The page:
By Elias Hazou
THE EUROPEAN Central Bank yesterday gave troubled lender Bank of Cyprus (BoC) the green light to resume drawing liquidity from the Eurosystem posting sovereign bonds as collateral.
The development means BoC now has access to cheaper refinancing.
Following a meeting of the ECB’s Governing Council yesterday, it released a statement welcoming the Cypriot authorities’ decision to conclude the resolution of Cyprus’ largest lender.
“The finalisation of this process is a major step toward restoring confidence in the domestic banking system,” it said.
Shortly after, the BoC announced that it has been “reinstated as an eligible counterparty by the European Central Bank for monetary policy operations. The reinstatement follows the bank’s recapitalization through a bail-in of depositors (a deposit-to-equity conversion) and the bank’s exit from resolution.”
The restoring of counterparty status, the bank said, together with the approval in early July for the use of bonds issued or guaranteed by the Republic of Cyprus, “will result in a reduction in funding from Emergency Liquidity Assistance (ELA), as the bank will have access to direct funding from the ECB for monetary policy operations.
“Furthermore,” the statement added, “ECB funding will be under improved terms, given that the rate for main refinancing operations stands at 0.5 per cent.”
Cyprus sovereign bonds had not been accepted as collateral in the ECB’s regular refinancing operations since June 2012, which left the country’s banks short of ECB-eligible collateral.
Use of ELA by Cypriot banks spiked thereafter when the ECB discontinued admitting the country’s sovereign bonds as collateral in regular ECB liquidity operations, due to their low credit ratings.
By the time Cyprus was bailed out in March of this year, Laiki had amassed a little over €9bn and BoC some €2bn more.
The European Central Bank had set Cyprus a March 25 deadline to agree a bailout plan, threatening to turn off the ELA tap for Cypriot banks unless a bailout programme were agreed by then with the EU and the IMF.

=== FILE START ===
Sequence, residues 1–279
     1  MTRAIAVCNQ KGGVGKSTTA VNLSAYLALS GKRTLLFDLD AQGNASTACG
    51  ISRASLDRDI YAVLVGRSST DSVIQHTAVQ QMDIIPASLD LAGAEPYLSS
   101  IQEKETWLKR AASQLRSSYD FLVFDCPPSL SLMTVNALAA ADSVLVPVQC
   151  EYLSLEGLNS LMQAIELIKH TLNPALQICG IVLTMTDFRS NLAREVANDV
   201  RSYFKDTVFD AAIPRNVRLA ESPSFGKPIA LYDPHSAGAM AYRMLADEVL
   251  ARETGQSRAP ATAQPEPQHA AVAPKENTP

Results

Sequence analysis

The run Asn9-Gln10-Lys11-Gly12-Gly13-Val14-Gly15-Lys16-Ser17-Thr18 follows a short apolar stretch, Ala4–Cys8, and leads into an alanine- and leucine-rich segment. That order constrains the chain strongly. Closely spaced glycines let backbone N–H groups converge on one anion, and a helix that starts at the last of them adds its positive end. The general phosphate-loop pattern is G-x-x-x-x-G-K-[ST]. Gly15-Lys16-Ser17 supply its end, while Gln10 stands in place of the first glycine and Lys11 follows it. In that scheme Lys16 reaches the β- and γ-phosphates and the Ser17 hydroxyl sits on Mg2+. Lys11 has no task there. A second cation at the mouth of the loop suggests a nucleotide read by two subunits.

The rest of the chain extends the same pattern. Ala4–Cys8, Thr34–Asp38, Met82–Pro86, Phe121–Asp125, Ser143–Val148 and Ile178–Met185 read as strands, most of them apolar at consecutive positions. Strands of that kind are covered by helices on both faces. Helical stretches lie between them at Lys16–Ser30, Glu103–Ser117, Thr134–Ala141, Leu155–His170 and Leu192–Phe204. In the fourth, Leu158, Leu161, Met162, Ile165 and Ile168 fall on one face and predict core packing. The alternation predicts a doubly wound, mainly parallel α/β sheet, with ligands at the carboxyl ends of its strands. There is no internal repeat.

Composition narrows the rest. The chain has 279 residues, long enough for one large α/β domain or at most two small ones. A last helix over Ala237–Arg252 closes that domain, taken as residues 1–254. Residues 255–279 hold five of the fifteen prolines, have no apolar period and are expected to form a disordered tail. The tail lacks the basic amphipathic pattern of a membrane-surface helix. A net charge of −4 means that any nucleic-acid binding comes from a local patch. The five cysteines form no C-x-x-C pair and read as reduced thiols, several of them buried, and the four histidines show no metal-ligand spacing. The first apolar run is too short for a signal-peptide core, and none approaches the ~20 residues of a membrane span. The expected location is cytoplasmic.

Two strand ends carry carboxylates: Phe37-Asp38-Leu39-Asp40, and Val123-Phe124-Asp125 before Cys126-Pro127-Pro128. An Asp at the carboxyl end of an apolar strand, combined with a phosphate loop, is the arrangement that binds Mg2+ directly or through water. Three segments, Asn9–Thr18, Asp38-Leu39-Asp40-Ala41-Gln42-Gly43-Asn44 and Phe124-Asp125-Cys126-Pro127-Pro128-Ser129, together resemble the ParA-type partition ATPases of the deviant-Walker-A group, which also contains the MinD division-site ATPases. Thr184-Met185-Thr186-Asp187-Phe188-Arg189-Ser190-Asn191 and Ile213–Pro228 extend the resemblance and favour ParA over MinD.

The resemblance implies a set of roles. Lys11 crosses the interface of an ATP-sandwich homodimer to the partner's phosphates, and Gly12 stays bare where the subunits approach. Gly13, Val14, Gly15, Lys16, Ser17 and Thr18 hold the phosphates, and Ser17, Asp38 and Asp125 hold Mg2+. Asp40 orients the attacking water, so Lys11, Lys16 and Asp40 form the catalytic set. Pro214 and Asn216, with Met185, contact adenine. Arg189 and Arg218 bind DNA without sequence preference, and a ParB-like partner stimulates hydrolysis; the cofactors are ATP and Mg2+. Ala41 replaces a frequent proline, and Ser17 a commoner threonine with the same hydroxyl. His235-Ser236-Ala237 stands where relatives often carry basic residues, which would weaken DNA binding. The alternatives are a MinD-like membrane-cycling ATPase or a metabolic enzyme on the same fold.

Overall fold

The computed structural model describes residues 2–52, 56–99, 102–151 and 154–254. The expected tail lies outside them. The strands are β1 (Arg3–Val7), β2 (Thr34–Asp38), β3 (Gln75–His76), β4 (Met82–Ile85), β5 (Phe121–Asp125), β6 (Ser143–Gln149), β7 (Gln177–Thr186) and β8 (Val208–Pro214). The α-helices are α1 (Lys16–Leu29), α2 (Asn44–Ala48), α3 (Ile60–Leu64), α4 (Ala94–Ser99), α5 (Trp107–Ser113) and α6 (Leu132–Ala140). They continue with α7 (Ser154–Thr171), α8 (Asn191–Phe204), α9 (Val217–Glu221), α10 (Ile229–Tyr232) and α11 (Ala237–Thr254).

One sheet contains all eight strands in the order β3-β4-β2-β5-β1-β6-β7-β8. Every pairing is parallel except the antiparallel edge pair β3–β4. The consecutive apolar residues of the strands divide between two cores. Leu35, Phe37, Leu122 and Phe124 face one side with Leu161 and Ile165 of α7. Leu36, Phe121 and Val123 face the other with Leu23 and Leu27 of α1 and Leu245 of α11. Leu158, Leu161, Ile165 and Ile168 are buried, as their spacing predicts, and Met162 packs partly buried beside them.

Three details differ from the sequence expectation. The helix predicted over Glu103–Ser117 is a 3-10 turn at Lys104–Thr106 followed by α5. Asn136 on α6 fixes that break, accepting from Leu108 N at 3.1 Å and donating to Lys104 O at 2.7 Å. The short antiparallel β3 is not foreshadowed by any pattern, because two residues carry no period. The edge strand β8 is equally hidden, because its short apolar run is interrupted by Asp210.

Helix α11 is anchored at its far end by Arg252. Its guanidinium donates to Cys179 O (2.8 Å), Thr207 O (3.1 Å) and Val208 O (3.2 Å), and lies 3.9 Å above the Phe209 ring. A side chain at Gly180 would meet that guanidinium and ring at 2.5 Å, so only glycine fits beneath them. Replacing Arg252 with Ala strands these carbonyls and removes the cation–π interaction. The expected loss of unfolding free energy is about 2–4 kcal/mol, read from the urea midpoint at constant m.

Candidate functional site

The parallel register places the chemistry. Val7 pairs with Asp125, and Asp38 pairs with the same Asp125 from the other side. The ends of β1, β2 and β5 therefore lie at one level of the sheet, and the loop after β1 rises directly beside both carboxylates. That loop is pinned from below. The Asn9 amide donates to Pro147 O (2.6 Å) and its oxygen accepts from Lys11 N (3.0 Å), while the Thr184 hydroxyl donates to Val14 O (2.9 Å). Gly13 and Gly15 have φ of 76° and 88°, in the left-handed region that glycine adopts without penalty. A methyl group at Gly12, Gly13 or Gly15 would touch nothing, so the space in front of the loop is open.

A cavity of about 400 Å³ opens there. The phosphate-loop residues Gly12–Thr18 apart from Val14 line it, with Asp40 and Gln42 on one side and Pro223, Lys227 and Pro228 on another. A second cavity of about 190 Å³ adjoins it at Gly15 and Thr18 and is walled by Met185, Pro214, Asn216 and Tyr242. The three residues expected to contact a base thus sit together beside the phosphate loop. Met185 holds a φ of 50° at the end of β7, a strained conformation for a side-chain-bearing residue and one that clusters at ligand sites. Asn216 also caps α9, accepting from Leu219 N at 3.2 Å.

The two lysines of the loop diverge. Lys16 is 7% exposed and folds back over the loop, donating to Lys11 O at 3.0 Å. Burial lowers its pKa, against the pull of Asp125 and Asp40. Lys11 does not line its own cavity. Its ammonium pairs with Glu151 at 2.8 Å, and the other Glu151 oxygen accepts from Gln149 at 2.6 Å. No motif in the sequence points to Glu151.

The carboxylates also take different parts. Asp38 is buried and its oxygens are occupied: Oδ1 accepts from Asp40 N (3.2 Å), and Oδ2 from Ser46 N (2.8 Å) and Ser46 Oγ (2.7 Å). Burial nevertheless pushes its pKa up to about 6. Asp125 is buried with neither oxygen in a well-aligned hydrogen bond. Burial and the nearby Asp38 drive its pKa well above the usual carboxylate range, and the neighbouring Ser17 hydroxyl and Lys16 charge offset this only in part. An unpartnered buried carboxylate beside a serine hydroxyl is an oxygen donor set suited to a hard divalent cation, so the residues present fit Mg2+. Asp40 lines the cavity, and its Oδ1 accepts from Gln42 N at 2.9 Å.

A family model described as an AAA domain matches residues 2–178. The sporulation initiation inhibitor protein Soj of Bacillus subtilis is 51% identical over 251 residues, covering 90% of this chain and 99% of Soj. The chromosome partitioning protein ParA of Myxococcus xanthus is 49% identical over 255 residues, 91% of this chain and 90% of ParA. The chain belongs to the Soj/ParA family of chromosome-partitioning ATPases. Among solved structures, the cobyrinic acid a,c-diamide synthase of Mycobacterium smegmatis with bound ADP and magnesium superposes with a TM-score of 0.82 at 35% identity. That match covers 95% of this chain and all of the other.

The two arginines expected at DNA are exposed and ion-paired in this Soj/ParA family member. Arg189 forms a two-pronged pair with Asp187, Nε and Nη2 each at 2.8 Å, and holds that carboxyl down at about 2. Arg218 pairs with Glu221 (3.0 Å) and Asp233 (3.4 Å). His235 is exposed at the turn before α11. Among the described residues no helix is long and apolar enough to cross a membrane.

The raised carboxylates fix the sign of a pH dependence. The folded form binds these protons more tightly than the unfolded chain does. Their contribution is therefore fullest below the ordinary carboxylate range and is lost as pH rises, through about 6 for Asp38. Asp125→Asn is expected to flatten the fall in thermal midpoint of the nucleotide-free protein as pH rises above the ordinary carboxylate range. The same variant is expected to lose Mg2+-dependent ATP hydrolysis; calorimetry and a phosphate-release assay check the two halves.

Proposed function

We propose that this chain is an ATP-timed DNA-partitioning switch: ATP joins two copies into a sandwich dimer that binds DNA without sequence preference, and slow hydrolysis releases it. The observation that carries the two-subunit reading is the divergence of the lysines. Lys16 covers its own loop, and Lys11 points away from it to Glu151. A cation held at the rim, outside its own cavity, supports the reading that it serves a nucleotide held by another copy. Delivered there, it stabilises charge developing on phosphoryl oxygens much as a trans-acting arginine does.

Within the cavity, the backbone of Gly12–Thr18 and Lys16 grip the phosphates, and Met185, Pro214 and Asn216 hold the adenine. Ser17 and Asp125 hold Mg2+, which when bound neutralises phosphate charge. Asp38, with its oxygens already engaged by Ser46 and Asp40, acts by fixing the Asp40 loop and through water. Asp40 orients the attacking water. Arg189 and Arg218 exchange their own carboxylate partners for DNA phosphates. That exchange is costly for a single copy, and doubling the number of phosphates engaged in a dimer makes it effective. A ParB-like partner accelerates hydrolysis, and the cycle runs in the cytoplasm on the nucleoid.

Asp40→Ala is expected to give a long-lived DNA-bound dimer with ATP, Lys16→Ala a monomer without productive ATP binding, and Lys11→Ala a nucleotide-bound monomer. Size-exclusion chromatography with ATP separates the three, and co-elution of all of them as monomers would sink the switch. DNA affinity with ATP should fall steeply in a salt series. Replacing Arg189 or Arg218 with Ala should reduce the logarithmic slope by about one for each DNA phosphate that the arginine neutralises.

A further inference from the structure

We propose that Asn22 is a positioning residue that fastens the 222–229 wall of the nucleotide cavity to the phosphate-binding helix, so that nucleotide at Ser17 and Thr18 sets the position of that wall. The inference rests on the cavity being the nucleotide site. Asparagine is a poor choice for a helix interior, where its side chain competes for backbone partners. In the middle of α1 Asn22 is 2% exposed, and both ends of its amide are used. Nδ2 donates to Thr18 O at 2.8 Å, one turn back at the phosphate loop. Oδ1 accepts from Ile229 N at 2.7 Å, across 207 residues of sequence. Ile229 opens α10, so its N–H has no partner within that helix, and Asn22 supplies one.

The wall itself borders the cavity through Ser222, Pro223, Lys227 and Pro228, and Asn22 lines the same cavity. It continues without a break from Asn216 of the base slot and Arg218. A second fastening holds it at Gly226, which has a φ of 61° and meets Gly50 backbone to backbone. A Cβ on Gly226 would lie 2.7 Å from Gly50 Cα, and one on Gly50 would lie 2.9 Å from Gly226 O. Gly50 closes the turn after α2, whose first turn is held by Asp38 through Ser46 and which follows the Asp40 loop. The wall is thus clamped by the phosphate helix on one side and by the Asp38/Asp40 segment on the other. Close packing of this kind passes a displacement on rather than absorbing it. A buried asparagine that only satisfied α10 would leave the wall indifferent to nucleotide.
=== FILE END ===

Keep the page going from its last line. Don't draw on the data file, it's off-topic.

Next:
ELA is effectively emergency loans given by eurozone national central banks to cash-strapped commercial banks.
The loans are given at the discretion of the national central bank although they have to be approved by the ECB.
The ECB defines ELA as support given by central banks in “exceptional circumstances and on a case-by-case basis to temporarily illiquid institutions and markets.”
National central banks may provide ELA “against adequate collateral” and only to “illiquid but solvent” credit institutions.
Governments are ultimately responsible for any losses from ELA given by their central banks, as they underwrite them.
The collateral banks put up to secure ELA financing is typically of a lower average quality than is accepted by the ECB.
Earlier this week BoC exited administration after authorities here agreed with international lenders a final ‘haircut’ on uninsured deposits to recapitalise the bank to a level over and above that stipulated by compulsory capital adequacy regulations.
The ‘haircut’ or deposit-for-equity swap was set at 47.5 per cent, 10 per cent more than that already levied on large deposits (€100,000 and over).
The bank is currently in the process of converting this additional 10 per cent into shares.
Depositors subjected to the haircut or ‘bail-in’ will become the bank’s new shareholders, set to elect a new board at an AGM in September.